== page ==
Yes, but I wish it had been longer, my career was taken away from me by a bad crash I had in a mountain bike race when I was just 31 years-old. I was riding mountain bike races after the Raleigh team folded – I’d found it difficult to get a contract like the one I had with Raleigh because the scene contracted and people viewed me as an ‘all rounder’ – road, cross, crits, ‘cross. My time with Raleigh was definitely the best for me, all of my other years I was a single sponsored rider.
PEZ: Which was your best year?
That would be when I rode for Saracen, I won just about every ‘cross race I rode in the UK. But I made a mistake with my career, after I won the British that first time I went to live and race in Switzerland, with the benefit of hindsight I should have gone to Belgium. The racing there is just so much faster and brings you on.
PEZ: And you had some nice results on the continent?
I rode in Belgium, France, Switzerland and Spain. Your contract money was OK but you rarely ever saw your prize money. I liked racing in Spain, up in the Basque country – where the separatist movement was still very much in evidence – it was very different with an 11:00 am event start, unlike Northern Europe where it’s usually a 3:00 pm start. I raced down there with the German rider, Mike Kluge it was good craic, after the event you’d all go to the local working man’s club and have a few brandies – good times. And they were different times; there were no mobile phones or computers back then, you had to make your own shoes, my first ones were converted football boots – but then I graduated to road shoes with bits of ‘cross tyres stuck to the soles. No, you can go and buy it all off the shelf – a ready to race ‘cross bike, shoes. . .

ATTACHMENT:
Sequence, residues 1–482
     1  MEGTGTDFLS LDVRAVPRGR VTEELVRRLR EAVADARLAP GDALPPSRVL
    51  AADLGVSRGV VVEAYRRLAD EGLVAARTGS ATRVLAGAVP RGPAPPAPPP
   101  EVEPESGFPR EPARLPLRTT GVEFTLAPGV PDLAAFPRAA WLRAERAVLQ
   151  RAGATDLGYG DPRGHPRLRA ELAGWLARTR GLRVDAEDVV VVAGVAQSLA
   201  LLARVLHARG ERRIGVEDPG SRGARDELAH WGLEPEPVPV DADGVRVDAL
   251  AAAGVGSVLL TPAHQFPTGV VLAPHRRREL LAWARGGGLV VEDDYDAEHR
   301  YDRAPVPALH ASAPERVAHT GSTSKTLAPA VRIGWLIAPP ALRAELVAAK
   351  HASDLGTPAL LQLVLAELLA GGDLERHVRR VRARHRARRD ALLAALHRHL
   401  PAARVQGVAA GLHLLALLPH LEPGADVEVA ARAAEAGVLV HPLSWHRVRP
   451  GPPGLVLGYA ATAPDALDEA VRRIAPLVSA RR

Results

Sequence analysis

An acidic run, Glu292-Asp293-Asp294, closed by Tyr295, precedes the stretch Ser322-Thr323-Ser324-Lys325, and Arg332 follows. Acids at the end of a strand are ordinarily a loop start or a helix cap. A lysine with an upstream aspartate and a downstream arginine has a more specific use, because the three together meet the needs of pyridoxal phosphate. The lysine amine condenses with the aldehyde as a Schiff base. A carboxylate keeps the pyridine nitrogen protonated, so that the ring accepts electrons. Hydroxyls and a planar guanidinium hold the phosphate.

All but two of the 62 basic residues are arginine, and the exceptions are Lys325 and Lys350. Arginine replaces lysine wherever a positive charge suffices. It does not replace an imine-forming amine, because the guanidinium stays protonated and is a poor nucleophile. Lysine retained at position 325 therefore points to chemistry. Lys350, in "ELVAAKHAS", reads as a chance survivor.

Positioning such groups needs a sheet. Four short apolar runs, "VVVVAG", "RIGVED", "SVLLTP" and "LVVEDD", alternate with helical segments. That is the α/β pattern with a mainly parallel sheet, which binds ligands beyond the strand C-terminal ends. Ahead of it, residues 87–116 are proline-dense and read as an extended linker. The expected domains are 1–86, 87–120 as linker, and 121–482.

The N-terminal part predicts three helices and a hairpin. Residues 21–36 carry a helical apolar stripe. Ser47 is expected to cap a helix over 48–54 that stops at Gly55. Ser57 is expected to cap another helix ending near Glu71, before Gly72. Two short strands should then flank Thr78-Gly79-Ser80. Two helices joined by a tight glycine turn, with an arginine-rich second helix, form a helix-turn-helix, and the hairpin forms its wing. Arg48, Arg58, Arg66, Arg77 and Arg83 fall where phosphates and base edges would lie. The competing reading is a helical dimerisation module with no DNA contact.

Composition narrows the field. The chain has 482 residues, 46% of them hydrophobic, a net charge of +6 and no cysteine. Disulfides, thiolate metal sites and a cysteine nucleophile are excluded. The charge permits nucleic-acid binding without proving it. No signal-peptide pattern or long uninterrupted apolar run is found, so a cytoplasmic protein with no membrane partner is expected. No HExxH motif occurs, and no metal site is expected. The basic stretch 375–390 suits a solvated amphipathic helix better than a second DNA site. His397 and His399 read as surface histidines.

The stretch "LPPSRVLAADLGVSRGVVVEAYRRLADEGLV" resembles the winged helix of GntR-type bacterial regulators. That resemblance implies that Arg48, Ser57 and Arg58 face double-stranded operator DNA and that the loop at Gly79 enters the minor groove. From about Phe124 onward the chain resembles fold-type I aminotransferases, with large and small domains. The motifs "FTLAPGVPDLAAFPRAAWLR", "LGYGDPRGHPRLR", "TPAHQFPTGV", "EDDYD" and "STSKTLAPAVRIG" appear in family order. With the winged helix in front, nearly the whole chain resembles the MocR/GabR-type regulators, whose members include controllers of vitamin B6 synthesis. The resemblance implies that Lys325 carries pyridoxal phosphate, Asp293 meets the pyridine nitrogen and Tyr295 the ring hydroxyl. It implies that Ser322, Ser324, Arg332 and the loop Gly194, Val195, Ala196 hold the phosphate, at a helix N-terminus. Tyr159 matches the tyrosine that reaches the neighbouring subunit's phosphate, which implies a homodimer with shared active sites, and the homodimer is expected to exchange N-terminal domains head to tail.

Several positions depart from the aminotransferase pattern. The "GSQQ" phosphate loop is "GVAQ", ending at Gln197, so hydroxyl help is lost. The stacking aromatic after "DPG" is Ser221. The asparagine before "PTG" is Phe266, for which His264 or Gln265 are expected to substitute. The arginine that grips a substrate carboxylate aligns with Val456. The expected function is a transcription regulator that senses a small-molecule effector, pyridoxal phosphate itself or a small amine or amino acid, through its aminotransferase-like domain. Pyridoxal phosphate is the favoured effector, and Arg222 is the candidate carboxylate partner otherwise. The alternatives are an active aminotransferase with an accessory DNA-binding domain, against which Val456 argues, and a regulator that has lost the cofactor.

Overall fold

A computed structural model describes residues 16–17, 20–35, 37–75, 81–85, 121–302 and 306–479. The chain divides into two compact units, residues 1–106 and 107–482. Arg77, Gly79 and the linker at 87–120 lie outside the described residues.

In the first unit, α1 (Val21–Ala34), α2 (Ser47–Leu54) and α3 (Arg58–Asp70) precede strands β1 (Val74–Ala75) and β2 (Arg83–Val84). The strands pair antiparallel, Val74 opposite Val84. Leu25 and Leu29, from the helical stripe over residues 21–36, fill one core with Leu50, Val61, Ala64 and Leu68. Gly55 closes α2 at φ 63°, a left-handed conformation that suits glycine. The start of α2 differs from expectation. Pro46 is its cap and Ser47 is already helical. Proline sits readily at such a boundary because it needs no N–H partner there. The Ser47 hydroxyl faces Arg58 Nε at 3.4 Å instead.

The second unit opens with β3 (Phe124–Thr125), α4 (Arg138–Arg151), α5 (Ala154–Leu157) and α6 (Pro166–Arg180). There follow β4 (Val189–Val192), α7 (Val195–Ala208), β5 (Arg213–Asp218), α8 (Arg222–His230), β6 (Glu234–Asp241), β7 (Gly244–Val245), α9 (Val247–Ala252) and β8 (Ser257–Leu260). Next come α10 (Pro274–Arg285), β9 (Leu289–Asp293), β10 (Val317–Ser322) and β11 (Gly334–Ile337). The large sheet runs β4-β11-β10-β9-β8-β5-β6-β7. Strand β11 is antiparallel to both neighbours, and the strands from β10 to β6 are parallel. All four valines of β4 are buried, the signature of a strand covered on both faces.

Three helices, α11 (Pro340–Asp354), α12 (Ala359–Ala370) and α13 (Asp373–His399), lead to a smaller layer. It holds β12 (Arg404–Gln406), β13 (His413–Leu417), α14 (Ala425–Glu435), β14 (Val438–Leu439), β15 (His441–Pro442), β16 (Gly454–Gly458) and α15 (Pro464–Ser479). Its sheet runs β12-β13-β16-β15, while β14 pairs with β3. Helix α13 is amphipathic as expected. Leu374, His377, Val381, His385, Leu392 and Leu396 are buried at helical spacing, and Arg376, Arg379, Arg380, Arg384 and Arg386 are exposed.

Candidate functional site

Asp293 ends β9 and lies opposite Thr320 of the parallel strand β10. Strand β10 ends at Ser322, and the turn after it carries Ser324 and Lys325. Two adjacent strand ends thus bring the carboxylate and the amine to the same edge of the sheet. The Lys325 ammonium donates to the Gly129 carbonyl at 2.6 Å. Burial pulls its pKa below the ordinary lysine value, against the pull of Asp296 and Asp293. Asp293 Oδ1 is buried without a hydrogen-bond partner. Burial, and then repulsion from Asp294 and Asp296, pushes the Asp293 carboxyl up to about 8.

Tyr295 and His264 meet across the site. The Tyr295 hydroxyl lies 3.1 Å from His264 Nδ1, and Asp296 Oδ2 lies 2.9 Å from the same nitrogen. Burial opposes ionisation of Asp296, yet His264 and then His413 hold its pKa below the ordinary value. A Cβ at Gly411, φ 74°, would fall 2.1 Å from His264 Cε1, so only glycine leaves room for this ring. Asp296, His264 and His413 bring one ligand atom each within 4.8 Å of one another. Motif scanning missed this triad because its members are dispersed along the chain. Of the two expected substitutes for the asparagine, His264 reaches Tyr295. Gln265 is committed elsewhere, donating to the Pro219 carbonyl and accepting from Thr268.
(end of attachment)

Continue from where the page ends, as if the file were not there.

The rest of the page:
PEZ: How did you do at the ‘cross Worlds?
I rode every Worlds up until my accident, off the top of my head my best finish was around 12th or 13th but when you look back at who was taking what stuff it’s hard to say to say what that was really worth – fifth? sixth? You’ll never know.
PEZ: Were you a man for stats – wins, podiums?
No, not really, I raced every weekend for three months over the winter so I guess I must have netted perhaps 20 wins in that time during my best seasons?